Shafie Apdal: Putrajaya trying to score points with ‘Allah’ issue

“They (government) orchestrated this … the moment Putrajaya appeals, they want to get the credit, so that’s how they unite the Muslims” – Shafie Apdal. Source (pic): TTF Files

شافعي اڤدل: ڤوتراجاي چوبا رايه سوكوڠن دڠن ايسو ‘الله’

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Former Sabah chief minister Shafie Apdal has claimed that the Perikatan Nasional federal government is trying to score political points by appealing against the High Court’s decision on the word “Allah”.

Shafie, who is Warisan president, said the appeal was also a tactic to rally the Muslim community ahead of the next general election, which could take place any time before the term of the current Parliament ends in 2023.

Shafie, whose party Warisan had campaigned heavily using its “Unity” theme in last year’s state election, said he was always consistent that the word “Allah” should not be exclusive to a certain group.

“What I’m saying is manage the use of the word. If there are tendencies to abuse or confuse (using the word) then you manage it.

“But don’t restrict it because God is semesta alam (universal),” he said.


KOTA KINABALU: Former Sabah chief minister Shafie Apdal has claimed that the Perikatan Nasional federal government is trying to score political points by appealing against the High Court’s decision on the word “Allah”.

Shafie, who is Warisan president, said the appeal was also a tactic to rally the Muslim community ahead of the next general election, which could take place any time before the term of the current Parliament ends in 2023.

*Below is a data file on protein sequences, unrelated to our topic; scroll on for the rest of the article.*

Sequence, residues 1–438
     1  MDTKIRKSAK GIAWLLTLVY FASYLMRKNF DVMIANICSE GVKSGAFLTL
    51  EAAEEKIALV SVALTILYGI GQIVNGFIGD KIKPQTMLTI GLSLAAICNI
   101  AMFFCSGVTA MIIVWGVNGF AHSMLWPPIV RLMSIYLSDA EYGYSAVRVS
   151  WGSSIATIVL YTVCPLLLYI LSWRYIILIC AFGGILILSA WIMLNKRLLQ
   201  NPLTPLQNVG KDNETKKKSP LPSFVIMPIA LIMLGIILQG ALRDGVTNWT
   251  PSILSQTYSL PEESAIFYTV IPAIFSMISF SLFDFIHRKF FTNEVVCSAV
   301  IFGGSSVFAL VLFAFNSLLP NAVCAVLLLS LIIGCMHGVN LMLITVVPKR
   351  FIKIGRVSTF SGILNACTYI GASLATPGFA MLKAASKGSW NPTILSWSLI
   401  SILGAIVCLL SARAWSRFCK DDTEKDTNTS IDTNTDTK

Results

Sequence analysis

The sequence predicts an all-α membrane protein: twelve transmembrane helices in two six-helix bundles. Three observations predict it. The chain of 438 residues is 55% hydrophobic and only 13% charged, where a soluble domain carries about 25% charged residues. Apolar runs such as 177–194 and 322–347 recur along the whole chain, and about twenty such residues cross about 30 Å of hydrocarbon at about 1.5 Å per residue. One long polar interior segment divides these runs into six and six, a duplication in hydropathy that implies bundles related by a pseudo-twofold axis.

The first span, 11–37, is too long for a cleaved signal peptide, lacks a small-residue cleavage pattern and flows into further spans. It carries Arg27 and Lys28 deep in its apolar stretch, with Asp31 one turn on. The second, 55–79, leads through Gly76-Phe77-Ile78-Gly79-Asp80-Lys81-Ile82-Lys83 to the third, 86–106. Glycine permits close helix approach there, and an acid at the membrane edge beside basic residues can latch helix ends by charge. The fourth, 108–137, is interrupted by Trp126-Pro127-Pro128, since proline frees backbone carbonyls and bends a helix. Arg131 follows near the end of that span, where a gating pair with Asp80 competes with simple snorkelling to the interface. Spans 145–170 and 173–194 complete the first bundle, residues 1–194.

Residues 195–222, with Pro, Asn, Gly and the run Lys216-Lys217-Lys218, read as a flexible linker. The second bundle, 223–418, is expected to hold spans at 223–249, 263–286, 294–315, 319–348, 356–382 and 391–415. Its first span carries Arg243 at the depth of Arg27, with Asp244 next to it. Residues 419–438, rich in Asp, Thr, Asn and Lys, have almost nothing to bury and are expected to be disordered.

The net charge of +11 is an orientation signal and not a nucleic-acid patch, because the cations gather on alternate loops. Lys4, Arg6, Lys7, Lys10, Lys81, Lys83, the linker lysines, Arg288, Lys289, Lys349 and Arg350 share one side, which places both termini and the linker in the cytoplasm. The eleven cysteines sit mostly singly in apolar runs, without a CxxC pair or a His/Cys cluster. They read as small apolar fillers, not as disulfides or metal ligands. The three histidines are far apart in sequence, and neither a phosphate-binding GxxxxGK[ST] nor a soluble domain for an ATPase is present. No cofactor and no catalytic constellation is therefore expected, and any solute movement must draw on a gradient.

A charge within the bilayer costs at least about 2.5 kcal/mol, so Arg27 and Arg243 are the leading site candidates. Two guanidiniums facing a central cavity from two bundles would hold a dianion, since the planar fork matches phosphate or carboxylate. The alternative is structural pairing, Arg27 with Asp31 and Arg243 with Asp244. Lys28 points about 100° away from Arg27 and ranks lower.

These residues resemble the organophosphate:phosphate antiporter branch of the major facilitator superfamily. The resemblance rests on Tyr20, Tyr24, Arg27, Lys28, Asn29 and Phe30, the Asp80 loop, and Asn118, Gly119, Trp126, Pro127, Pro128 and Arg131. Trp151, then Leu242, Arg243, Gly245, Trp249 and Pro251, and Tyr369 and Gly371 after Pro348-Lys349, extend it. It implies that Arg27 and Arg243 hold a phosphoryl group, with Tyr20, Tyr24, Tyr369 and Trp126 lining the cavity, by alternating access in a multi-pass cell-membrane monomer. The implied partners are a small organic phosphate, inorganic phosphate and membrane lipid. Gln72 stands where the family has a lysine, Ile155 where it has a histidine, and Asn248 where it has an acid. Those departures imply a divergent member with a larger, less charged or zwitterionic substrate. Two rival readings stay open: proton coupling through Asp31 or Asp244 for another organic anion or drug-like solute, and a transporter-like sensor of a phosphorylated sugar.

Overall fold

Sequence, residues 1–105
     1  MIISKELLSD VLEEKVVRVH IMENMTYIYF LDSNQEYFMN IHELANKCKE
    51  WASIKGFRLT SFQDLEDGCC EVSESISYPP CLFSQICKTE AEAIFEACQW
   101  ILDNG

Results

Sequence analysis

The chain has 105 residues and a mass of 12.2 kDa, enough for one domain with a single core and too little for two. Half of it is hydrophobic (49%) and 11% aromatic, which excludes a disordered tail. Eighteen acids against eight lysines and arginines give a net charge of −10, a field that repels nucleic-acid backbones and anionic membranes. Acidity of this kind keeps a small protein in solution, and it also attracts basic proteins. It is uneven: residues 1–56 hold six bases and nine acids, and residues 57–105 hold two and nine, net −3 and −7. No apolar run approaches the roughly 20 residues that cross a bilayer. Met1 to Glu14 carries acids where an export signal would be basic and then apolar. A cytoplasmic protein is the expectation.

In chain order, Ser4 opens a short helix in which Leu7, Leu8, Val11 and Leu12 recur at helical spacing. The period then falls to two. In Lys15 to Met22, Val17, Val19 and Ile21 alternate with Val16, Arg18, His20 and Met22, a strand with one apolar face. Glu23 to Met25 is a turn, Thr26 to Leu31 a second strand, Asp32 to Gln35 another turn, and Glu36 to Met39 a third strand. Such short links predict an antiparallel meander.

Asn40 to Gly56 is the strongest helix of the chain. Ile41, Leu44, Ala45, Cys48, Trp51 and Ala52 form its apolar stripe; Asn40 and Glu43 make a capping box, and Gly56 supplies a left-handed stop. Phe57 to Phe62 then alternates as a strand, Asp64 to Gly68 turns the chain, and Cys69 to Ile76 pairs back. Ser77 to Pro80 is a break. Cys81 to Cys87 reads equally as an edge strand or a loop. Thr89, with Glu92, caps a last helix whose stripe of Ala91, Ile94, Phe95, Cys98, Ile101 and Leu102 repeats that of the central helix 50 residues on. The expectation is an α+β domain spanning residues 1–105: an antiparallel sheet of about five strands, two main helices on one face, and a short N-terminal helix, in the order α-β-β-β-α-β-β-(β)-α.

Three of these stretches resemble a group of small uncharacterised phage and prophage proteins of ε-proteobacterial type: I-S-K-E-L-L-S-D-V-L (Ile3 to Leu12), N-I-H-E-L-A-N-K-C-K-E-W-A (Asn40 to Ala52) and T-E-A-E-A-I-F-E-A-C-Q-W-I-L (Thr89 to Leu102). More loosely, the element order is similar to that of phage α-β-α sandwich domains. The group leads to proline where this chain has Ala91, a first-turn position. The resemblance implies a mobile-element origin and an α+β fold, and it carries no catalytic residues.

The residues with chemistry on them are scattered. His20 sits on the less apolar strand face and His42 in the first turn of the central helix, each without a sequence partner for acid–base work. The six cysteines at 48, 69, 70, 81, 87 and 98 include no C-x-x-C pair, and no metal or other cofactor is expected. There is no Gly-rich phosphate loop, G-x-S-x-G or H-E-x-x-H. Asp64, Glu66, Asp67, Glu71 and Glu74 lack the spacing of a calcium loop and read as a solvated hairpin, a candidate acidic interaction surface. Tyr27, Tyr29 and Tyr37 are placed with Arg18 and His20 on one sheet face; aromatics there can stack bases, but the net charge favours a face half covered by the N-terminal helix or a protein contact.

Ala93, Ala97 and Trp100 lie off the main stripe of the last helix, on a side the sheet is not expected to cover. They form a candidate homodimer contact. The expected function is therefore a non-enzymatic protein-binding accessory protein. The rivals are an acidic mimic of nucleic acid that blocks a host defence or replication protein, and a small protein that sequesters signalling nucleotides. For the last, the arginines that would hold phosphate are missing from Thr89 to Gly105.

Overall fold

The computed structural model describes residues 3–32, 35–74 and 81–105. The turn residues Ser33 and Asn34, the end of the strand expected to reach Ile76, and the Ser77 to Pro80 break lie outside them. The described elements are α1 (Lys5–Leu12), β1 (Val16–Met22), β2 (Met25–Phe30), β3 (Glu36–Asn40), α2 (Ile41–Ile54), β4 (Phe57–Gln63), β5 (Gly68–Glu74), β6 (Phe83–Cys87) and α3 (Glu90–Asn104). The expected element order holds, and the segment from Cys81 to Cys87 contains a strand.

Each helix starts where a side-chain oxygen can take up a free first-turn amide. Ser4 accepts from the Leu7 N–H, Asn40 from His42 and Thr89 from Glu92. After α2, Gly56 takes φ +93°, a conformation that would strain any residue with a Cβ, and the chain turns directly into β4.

“They (government) orchestrated this … the moment Putrajaya appeals, they want to get the credit, so that’s how they unite the Muslims,” he said, after a meeting at the party’s headquarters here today.

“They will use this with the Ramadan month approaching and (later) in election campaigns. After Ramadan is over, anything can happen.

“This is not a new tactic, I can read their move.”

Shafie, whose party Warisan had campaigned heavily using its “Unity” theme in last year’s state election, said he was always consistent that the word “Allah” should not be exclusive to a certain group.

“What I’m saying is manage the use of the word. If there are tendencies to abuse or confuse (using the word) then you manage it.

“But don’t restrict it because God is semesta alam (universal),” he said.

Kuala Lumpur High Court Judge Nor Bee Ariffin had earlier this month, in allowing a judicial review by a Sarawakian Christian, said a Dec 5, 1986 home affairs ministry directive prohibiting the use of certain words by non-Muslims was illegal and unconstitutional, adding that it was wrongly issued as it went beyond the aim of the Printing Presses and Publications Act 1984.

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The government has already filed its appeal against the High Court ruling that the home ministry’s directive in 1986 to prohibit the use of the words “Allah”, “Baitullah”, “Solat” and “Kaabah” by non-Muslims was illegal and unconstitutional.

Source:

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